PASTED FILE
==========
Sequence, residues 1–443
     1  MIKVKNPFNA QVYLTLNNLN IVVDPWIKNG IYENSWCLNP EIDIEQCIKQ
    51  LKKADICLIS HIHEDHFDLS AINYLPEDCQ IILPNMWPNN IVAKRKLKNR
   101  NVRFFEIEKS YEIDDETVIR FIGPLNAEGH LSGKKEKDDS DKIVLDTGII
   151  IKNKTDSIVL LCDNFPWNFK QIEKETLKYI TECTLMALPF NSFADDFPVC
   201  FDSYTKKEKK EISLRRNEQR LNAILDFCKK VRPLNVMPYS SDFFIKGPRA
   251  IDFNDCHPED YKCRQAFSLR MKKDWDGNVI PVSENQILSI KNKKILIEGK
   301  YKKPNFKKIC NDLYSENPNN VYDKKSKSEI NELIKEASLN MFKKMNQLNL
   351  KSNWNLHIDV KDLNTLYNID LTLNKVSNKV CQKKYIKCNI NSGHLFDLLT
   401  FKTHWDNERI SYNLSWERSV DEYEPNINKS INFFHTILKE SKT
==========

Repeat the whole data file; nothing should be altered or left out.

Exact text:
Sequence, residues 1–443
     1  MIKVKNPFNA QVYLTLNNLN IVVDPWIKNG IYENSWCLNP EIDIEQCIKQ
    51  LKKADICLIS HIHEDHFDLS AINYLPEDCQ IILPNMWPNN IVAKRKLKNR
   101  NVRFFEIEKS YEIDDETVIR FIGPLNAEGH LSGKKEKDDS DKIVLDTGII
   151  IKNKTDSIVL LCDNFPWNFK QIEKETLKYI TECTLMALPF NSFADDFPVC
   201  FDSYTKKEKK EISLRRNEQR LNAILDFCKK VRPLNVMPYS SDFFIKGPRA
   251  IDFNDCHPED YKCRQAFSLR MKKDWDGNVI PVSENQILSI KNKKILIEGK
   301  YKKPNFKKIC NDLYSENPNN VYDKKSKSEI NELIKEASLN MFKKMNQLNL
   351  KSNWNLHIDV KDLNTLYNID LTLNKVSNKV CQKKYIKCNI NSGHLFDLLT
   401  FKTHWDNERI SYNLSWERSV DEYEPNINKS INFFHTILKE SKT